Tag Archives: Stephen Colbert

Amusing Monday: Colbert reacts to climate change

Last week, Stephen Colbert went on an eight-minute rant about climate change, talking about how humans should or should not respond to the upheaval in the environment. It is a speech that only Colbert with his unique persona could pull off in grand style.

Listen for the part where commentator Erick Erickson asks, “What does it matter?” Even if everyone were to shut down production of greenhouse gases, he says, it would take about 100 years to see the effect.

And Colbert responds: “Yeah, what’s the point of going to all that trouble if me and Erick Erickson won’t be around to enjoy it? Sure, our grandkids will. But I don’t want to be one of those grandpas who spoils the grandkids with a habitable planet.”

Amusing Monday: Climate and strange politics

The North Carolina Legislature is taking action to address climate change. But a bill passed last week has generated humor and ridicule, including a segment by Stephen Colbert on “The Colbert Report.”

As Colbert describes it, the bill would address the coming crisis predicted by climate models by “outlawing the climate models.” The bill, which has since passed the Senate, abandons the idea of using actual predictions of sea level rise in the effort to protect homes from flooding.

The North Carolina Legislature seems to be saying that it is too inconvenient to believe that sea level may rise up to three feet, so we’ll just set the maximum at 8 inches.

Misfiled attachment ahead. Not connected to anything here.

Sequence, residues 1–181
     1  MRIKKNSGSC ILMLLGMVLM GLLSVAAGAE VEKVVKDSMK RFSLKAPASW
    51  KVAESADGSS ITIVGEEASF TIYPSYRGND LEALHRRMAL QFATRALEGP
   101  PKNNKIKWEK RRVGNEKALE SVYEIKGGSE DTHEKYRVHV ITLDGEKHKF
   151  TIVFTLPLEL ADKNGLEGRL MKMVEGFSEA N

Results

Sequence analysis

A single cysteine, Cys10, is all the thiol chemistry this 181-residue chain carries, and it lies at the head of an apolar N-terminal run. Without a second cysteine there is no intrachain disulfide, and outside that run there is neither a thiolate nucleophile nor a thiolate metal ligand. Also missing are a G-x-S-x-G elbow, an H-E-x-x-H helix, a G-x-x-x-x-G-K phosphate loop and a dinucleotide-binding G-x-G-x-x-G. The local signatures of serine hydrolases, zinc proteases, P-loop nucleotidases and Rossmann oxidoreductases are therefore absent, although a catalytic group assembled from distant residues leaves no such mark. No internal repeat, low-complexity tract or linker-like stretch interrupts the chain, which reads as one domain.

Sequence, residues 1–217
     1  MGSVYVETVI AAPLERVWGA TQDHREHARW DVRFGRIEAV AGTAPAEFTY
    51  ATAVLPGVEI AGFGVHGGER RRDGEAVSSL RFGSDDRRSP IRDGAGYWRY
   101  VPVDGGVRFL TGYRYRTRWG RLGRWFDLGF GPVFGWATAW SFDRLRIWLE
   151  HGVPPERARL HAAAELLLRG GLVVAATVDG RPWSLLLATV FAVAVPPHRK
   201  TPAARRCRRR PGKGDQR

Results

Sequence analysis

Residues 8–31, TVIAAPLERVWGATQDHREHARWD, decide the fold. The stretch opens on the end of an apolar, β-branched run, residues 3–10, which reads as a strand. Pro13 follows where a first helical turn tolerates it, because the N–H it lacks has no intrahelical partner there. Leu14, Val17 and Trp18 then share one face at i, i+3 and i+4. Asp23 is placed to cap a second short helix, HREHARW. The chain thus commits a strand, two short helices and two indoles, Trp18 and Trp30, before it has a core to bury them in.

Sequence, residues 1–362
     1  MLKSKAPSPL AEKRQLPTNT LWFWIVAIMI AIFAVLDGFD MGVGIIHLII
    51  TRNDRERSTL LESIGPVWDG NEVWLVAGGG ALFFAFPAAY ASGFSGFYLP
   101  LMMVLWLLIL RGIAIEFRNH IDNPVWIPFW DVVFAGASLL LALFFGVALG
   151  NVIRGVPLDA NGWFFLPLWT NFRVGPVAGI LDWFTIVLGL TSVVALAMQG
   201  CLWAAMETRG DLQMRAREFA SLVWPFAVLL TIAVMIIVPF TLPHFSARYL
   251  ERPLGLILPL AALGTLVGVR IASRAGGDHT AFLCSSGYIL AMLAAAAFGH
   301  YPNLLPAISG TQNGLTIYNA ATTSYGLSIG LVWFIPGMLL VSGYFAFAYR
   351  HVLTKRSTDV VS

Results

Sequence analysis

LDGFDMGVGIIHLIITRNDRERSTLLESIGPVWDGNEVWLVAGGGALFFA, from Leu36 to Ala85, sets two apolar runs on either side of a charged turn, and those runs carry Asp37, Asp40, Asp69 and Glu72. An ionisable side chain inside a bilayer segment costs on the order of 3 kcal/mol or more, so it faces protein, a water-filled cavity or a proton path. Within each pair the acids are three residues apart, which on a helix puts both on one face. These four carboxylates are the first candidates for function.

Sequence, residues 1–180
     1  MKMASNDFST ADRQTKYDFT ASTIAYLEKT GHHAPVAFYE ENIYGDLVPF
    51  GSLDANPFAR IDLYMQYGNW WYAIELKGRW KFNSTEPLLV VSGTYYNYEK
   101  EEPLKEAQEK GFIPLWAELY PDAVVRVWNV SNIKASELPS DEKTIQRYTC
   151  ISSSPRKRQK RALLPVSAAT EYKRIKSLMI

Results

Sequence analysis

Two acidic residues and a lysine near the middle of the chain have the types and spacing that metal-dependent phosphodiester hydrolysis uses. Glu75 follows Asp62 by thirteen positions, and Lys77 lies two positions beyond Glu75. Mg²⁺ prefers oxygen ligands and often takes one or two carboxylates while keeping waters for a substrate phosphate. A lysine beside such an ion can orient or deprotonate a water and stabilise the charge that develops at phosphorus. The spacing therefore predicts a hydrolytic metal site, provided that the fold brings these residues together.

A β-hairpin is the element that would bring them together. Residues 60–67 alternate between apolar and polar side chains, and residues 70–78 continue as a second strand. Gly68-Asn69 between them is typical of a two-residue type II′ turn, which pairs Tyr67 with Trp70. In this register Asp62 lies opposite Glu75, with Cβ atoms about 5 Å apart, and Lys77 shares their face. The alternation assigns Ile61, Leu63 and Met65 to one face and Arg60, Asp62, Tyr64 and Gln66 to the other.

Colbert loves this approach:

“This is a brilliant solution. If your science gives you a result you don’t like, pass a law saying that the result is illegal. Problem solved.

“I think we should start applying this method to even more things that we don’t want to happen. For example, I don’t want to die…. If we consider only historical data, I have been alive my entire life. Therefore, I always will be. And if you extrapolate my life from the critical period of age 8 to 18, I will grow to be over 20 feet tall. So I say, bravo, North Carolina.”

Straight-news reporter John Murawski describes the actual effects of the bill in the Winston-Salem Journal:

“The practical result of the legislation would be that for the purposes of coastal development, local governments could only assume that the sea level will rise 8 inches by 2100, as opposed to the 39 inches predicted by a science panel….

“The legislation gives the state Coastal Resources Commission sole responsibility for predicting the rate of sea-level rise to be used as a basis for state and local regulations. The commission’s 15 members are appointed by the governor.

“But the legislation also defines how the Coastal Resources Commission is to decide sea-level rates. Specifically, the law says forecasts can be based on historical data only and can’t take into account non-historical factors. The key factor that’s disqualified is the belief that greenhouse gases are causing climate change and speeding up glacier melts.”